A call for papers has just gone out to scholars, practitioners and researchers to submit papers on the inter-disciplinary topic of Comics and Architecture, for the upcoming Graphic Brighton conference, to be held at the Moulsecoomb Campus of the University of Brighton on Friday 22nd and Saturday 23rd September 2023.
Alongside the presentation of academic papers, comic book practitioners at Graphic Brighton this year, confirmed so far, include Karrie Fransman (The House that Groaned), Dave Gibbons (Watchmen), Sabba Khan (The Roles We Play), Clarrie Pope (Welcome Home) and Zara Slattery (Coma). Graphic Brighton is being organised by Alex Fitch and Barbara Chamberlin.
The inter-disciplinary potential of comic books and architecture is something that is gradually being investigated by the academy, a field termed ‘Graphic Architecture’ (Lockhart 2014). Titles which explicitly explore the intersection between the two disciplines include Comics and the City: Urban space in print, picture and sequence, Ahrens, J. R. and A. Meteling (2010), Bricks & Balloons: Architecture in Comic-Strip Form, Hoorn, M. V. D. (2012), Cómic, Arquitectura Narrativa, Bordes, E. (2017) and Urban Comics: Infrastructure and the Global City in Contemporary Graphic Narratives, Davies, D. (2019).
There have also been exhibitions of architectural comics in London (Sequential City at Anise Gallery, 2015) and Canada (Architecture+Comics at Winnipeg Architecture Foundation, 2019) in galleries that promote architecture themed artworks.
There have only been a couple of international symposiums looking at this topic – Graphic Novels / Novel Architecture at Kent State University College of Architecture & Environmental Design (2016) and ‘L’édifice dans les cases: Le décor monumental en bande dessinée’ at the University of Picardie Jules Verne in Amiens (2018) – and so Graphic Brighton 2023 proposes to be the first British conference to look at architecture themed comics, and the many topics that this theme can be connected with.
A number of comic creators have backgrounds as architects, including Alison Sampson, Owen Pomery and Sabba Khan, and architectural bandes dessinées writer Benoît Peeters (Les Cités Obscures), who has recently lectured on graphic fiction at Lancaster University. While architecture is ubiquitously found as the backdrop of superhero comics (set mainly in the built environment, often New York City), there are graphic novels about famous architects – such as Robert Moses and Eileen Gray – plus tales of fictional architects in such titles as Mister X by Dean Motter, Asterios Polyp by David Mazzucchelli, and Batman: Death by Design, by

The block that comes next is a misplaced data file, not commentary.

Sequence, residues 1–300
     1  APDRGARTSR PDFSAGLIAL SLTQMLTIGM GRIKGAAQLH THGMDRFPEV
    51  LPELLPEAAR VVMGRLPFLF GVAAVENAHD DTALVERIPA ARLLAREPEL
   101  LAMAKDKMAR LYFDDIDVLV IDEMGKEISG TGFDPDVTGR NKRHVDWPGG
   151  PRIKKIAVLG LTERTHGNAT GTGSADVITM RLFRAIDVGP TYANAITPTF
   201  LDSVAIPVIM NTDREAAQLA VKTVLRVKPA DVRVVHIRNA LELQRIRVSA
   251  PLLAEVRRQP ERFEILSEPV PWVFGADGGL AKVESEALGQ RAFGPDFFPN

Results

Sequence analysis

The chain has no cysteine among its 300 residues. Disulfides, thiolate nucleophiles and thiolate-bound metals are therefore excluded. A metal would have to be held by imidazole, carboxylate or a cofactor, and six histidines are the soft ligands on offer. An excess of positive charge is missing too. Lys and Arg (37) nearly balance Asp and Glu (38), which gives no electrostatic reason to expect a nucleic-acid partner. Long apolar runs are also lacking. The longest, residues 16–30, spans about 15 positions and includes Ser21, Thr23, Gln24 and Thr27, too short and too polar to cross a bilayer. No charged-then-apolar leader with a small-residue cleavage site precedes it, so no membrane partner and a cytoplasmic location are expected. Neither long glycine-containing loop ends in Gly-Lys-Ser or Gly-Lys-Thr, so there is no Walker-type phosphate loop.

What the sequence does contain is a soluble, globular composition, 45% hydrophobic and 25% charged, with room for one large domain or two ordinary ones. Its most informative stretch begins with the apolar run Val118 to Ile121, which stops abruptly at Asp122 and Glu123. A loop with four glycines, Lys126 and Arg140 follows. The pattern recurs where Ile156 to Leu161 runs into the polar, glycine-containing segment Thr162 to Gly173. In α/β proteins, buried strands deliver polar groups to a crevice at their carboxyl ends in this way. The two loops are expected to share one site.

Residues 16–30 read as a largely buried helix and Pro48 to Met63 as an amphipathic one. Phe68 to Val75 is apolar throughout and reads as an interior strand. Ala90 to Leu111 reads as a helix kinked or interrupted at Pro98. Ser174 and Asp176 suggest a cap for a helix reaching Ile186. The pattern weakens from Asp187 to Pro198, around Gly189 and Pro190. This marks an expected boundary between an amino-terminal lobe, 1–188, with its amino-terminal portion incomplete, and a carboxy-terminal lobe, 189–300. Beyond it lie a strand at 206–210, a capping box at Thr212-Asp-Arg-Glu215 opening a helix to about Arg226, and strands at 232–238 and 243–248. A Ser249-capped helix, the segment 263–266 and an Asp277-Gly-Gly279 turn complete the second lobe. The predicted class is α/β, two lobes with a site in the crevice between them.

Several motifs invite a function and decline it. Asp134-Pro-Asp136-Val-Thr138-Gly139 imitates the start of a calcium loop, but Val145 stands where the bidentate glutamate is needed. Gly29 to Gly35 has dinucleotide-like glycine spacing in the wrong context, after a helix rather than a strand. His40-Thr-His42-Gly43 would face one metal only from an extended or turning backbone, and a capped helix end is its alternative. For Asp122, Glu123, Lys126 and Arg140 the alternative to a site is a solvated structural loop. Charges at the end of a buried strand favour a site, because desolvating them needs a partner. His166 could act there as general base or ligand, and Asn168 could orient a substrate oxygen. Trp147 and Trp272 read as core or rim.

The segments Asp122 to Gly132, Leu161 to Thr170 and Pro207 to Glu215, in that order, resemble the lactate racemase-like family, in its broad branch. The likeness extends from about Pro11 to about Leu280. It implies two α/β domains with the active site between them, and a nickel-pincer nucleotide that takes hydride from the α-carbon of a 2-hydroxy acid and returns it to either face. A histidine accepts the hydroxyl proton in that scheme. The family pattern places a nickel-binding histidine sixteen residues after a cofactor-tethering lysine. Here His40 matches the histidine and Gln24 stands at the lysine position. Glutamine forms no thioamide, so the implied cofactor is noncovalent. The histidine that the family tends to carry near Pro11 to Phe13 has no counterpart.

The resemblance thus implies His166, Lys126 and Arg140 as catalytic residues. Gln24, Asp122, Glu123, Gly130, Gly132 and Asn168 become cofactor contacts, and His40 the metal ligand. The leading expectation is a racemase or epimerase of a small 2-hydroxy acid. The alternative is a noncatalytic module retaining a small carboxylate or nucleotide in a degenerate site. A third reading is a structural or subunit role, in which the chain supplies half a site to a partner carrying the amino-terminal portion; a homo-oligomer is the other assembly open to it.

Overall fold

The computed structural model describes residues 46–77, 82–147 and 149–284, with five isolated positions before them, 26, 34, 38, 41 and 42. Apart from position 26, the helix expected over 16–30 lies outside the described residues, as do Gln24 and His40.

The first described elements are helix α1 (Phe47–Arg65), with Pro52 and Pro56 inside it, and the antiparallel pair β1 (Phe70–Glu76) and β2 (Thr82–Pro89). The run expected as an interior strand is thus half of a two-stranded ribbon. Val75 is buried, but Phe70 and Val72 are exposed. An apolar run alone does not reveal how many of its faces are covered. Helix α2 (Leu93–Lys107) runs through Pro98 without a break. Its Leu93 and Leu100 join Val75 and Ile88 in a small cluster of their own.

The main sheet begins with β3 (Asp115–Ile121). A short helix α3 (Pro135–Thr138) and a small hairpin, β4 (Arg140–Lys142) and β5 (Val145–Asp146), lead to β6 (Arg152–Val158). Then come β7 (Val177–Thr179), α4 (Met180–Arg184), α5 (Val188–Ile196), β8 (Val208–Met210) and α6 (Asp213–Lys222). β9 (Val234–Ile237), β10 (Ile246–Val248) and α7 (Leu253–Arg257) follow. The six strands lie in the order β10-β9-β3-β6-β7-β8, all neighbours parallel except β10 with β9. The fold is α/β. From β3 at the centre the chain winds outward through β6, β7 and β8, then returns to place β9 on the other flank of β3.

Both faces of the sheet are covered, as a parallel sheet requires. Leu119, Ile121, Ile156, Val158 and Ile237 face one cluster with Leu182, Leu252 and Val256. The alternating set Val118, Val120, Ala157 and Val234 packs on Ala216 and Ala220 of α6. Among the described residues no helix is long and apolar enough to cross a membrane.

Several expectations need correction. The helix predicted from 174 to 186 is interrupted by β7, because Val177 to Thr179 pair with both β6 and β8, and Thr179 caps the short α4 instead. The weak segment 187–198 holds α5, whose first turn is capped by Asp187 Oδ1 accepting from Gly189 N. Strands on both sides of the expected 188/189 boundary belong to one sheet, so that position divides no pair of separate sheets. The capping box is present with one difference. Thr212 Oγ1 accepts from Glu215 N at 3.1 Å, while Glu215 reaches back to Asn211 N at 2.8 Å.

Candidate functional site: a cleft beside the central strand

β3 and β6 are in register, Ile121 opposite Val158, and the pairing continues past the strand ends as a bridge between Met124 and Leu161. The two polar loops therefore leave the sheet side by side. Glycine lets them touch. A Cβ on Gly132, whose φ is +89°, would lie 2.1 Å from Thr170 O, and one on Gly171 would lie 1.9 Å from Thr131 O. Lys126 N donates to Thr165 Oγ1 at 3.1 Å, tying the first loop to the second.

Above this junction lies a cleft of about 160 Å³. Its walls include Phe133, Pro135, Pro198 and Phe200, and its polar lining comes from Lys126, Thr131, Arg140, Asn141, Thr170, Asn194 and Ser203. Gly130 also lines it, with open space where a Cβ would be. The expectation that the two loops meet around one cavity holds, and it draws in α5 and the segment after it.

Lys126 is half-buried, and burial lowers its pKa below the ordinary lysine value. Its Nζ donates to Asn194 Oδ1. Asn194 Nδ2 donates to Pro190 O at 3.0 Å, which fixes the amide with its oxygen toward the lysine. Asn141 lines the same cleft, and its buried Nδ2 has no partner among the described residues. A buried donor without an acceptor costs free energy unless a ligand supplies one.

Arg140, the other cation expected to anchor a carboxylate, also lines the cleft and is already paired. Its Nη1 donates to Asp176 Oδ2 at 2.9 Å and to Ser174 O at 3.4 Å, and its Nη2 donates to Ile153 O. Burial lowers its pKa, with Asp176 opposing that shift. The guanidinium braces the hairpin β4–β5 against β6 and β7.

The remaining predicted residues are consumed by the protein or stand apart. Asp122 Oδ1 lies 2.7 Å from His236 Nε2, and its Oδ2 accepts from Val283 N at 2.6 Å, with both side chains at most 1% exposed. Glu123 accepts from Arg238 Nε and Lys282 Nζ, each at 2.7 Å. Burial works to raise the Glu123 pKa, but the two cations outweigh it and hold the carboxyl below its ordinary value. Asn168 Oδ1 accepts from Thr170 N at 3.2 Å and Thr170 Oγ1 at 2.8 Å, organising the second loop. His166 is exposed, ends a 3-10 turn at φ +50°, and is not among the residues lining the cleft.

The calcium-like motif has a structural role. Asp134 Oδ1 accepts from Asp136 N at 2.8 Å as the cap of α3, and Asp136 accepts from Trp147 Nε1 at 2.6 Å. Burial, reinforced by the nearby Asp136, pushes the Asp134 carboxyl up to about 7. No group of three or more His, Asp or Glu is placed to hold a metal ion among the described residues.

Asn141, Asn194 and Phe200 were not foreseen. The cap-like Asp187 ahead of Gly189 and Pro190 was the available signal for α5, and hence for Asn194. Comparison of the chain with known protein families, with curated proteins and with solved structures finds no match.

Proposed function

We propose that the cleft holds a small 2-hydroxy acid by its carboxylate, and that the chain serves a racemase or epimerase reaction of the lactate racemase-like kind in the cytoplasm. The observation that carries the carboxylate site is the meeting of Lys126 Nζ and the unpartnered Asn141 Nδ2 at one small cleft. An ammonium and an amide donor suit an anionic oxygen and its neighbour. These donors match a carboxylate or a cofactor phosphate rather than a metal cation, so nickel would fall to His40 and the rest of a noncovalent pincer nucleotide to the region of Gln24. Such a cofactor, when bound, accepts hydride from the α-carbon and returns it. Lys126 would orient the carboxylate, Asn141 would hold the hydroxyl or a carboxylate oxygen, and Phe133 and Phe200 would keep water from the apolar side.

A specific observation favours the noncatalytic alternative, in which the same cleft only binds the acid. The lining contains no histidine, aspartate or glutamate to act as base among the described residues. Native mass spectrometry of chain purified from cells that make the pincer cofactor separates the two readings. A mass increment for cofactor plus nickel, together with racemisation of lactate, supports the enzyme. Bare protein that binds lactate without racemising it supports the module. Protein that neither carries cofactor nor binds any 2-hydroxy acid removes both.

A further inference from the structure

by Chip Kidd and Dave Taylor.
Graphic novels such as Chris Ware’s Building Stories, Richard McGuire’s Here, and Sean Azzopardi’s The Voice of the Hall are concerned with individual buildings, while Yes is More by Bjarke Ingels and Julius Knipl are narratives about architectural photography.
Architects themselves have used comic book imagery to promote their work over the years, from Le Corbusier’s “Letter to Mme Meyer” (1925), to the work of Archigram in the 1960s, Rem Koolhaas and Bruce Mau in their book S, M, L, XL (1995), and C.J. Lim and Ed Liu in their revised smartcities, resilient landscapes + eco-warriors (2019).
With all the above in mind, Graphic Brighton 2023 invites scholars, academics and practitioners working in the fields of architecture, comic studies and related disciplines to propose papers about the intersection of these fields. As with previous iterations of Graphic Brighton, we expect the line-up of the conference to include talks, panels and workshops by academics and comic book practitioners.
Topics scholars, practitioners and researchers might like to consider include, but are not limited to: architecture, comics and world-building; using comics to understand building use and purpose; architecture, comics and communities; comics and sustainable development; comics, architecture and social justice; using comics to explore real and imagined space; comics and stained-glass narratives in churches; building stories and stories of buildings; the cityscape as narrative design; architectural comics as social commentary; architectural comics as microcosms of lost worlds on the page; the comic book creator as flâneur; the architecture of the comics page; architects and the use of comics to disseminate ideas; and building models and dolls houses as a storytelling method.
Alex Fitch teaches in the School of Architecture, Technology and Engineering, and the School of Art and Media at the University of Brighton, is pursuing a PhD on The Depiction of Architecture in Comic Books and has been published on this topic by Cambridge Scholars, Studies in Comics, and McFarland. He also presents the UK’s only regular broadcast radio show about comics.
Barbara Chamberlin is a Senior Lecturer in the School of Humanities and Social Science at the University of Brighton and teaches comics and creative writing at both undergraduate and postgraduate level. She is pursuing a practice-based PhD at University of the Arts London that fuses folklore, witchcraft and collaboration in papercut comics using walking as key to the creative process.
• If you would like to submit a Paper for consideration at Graphic Brighton, please submit a 300 word abstract on the topic you would like to explore, plus a brief biography, to Alex Fitch (email@example.com) and Barbara Chamberlin (firstname.lastname@example.org) by Friday 23rd June.
• There’s more information about previous Graphic Brighton events at graphicbrighton.wordpress.com
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